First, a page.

Book: Turn Left at the Trojan Horse: A Would-Be Hero’s American Odyssey
Author: Brad Herzog
I was really excited to read this book, because it’s a narrative story about the author’s month-long solo cross-country RV trip. I took a similar trip for four months in a van, and while many people suggested that I turn my experience into a book, I didn’t see any particular angle that was book-worthy.
So I was eager to see how Herzog did it. His angle is that he’s trying to discover what it means to be a hero in modern society. He ties this in to Greek mythology by constantly interspersing mythological stories with his travel tales.
On one hand, the mythological angle is a clever writing technique to tie the whole story together. But for people like myself, who have zero interest in mythology or ancient Greece, it pretty much ruins the book.
The story starts off great, with a humorous tale of Herzog’s experience on Who Wants To Be a Millionaire. But as I keep reading, Herzog loses me. He writes about all the people he meets on a northerly trek from Washington state to Ithaca, New York. The problem is these people are boring. They don’t have compelling stories.
To keep alive the book’s flimsy premise, everything gets compared to Greece. Herzog’s hair loss reminds him of Hippocrates. A tractor pull becomes a rumination on midlife crises involving the theories of Socrates and Aristotle. Spotting a bird with a snake in its mouth causes him to launch into a discourse on the Iliad and the Odyssey.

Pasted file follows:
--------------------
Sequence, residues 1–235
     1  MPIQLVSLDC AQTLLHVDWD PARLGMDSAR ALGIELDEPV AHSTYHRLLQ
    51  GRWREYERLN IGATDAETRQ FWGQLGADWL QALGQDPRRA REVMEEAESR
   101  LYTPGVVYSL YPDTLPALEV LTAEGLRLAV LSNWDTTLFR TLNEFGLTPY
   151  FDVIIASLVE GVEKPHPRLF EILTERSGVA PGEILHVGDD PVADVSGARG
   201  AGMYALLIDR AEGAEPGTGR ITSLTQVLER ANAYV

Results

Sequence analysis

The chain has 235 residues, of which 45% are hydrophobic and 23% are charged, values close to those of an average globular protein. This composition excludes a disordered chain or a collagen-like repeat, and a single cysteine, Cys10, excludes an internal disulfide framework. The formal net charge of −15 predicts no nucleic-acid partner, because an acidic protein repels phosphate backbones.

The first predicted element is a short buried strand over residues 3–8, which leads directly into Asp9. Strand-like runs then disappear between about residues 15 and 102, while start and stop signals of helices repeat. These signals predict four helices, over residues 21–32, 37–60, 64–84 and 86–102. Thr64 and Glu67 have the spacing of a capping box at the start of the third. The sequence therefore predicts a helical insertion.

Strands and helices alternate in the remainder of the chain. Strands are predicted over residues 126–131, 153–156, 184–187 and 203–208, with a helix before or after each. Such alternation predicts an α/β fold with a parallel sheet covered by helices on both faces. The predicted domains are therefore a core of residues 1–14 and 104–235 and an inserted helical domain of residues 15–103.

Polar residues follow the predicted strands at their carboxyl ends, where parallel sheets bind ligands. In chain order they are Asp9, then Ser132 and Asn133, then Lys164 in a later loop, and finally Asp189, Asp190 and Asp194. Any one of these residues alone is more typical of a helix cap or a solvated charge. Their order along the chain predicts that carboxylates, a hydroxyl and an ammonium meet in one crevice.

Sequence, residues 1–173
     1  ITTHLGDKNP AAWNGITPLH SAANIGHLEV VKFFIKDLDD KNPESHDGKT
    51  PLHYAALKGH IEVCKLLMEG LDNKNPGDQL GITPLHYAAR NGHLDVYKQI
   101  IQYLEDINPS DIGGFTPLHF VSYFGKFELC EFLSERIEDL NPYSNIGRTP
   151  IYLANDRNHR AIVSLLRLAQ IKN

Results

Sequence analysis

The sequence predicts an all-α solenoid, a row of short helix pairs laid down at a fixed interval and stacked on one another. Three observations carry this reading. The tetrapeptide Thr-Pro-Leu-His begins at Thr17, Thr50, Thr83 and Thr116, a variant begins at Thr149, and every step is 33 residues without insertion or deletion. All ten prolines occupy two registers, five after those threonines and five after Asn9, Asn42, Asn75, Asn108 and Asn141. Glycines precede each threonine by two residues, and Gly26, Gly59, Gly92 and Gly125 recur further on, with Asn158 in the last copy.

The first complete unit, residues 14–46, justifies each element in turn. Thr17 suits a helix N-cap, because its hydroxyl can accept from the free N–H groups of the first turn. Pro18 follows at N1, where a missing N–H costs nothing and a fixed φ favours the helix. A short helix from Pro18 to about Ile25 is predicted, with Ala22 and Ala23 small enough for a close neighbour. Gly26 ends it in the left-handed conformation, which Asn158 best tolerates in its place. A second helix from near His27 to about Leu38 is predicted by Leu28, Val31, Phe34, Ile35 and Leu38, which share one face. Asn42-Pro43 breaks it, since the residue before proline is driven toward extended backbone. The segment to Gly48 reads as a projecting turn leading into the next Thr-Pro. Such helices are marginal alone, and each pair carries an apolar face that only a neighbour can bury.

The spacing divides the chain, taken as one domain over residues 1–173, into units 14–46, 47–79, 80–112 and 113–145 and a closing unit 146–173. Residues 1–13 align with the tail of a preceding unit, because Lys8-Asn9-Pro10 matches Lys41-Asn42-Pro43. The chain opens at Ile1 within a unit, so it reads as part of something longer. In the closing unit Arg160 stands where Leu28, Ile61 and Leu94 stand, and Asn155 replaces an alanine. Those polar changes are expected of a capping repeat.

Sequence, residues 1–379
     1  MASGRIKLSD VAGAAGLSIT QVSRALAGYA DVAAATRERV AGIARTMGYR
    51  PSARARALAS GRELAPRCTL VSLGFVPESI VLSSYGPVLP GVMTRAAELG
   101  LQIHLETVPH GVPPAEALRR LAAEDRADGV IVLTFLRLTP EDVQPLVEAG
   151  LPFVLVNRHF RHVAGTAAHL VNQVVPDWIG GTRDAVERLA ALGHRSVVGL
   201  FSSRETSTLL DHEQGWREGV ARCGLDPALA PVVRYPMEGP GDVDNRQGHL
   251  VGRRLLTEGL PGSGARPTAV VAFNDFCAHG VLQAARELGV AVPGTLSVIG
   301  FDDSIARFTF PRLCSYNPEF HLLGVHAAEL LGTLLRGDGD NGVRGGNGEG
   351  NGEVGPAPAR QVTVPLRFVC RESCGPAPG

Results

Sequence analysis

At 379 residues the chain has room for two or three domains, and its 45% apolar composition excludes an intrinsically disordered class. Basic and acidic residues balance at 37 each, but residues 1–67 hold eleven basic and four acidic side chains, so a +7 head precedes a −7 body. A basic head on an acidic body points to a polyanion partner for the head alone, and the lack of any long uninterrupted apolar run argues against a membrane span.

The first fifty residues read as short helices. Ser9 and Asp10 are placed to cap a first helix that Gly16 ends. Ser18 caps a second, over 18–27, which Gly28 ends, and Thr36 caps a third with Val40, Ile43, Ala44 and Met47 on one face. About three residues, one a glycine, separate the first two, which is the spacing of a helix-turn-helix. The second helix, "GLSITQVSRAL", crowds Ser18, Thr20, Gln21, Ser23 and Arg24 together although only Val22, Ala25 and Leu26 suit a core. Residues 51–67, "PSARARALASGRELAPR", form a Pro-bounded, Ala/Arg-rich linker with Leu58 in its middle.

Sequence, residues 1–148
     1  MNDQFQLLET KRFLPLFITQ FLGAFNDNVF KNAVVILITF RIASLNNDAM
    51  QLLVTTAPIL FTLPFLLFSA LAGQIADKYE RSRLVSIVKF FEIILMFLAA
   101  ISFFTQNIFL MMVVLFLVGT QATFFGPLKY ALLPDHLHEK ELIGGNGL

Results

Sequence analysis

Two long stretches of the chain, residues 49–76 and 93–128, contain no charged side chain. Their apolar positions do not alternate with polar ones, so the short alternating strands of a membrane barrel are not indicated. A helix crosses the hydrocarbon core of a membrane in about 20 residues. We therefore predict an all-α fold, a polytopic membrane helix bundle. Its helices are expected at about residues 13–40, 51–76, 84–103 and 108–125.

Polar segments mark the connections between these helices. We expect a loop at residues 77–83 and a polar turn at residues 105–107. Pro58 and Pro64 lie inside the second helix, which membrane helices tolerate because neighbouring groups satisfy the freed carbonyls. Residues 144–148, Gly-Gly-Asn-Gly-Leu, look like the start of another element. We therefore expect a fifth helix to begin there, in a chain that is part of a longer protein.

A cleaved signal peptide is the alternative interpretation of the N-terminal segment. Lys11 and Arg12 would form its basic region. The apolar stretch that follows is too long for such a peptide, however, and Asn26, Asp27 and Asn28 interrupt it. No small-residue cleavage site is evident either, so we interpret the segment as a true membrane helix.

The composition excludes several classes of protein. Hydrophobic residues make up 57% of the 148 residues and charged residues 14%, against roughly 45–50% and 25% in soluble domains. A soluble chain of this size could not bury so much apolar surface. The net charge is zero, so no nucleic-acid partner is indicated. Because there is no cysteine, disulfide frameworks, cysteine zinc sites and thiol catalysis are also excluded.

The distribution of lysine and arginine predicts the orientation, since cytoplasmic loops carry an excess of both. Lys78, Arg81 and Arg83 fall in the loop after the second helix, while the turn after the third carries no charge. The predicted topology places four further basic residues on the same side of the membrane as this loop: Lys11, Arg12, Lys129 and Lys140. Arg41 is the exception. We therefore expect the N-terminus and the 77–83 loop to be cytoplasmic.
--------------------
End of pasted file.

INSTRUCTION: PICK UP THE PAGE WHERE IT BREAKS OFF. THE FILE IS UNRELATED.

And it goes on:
Occasionally, Herzog relates his tale to the travels of Lewis & Clark, when he passes through towns where the famed explorers visited. Those parts are interesting. But inevitably, he goes back to the Hercules, Achilles, Homer and Olympus references, and I tune out.
By the end of the book, the neverending Greek references are downright comical. I’m laughing at Herzog, not with him. The ridiculousness peaks with this sentence: “I feel like Prometheus, who suffered the retribution of Zeus after stealing from Mount Olympus.”
Just what is this huge, life-changing event that inspires such a strong reaction in Herzog? He’s flipping through the radio dial and keeps hearing Rush Limbaugh.
Seriously. That’s it. Somehow, that insignificant occurrence causes Herzog to exaggerate his experience to the point that he feels a sense of kinship with a Greek figure.
While the unintentional hilarity of Herzog comparing every mundane event to the events of Greek history and mythology can be a bit entertaining at times, it’s a huge drag on the story. Toss in the fact that the people he interviews aren’t particularly interesting, and you have a book that just doesn’t hold my attention.
Then again, I didn’t like On the Road, either, so what do I know?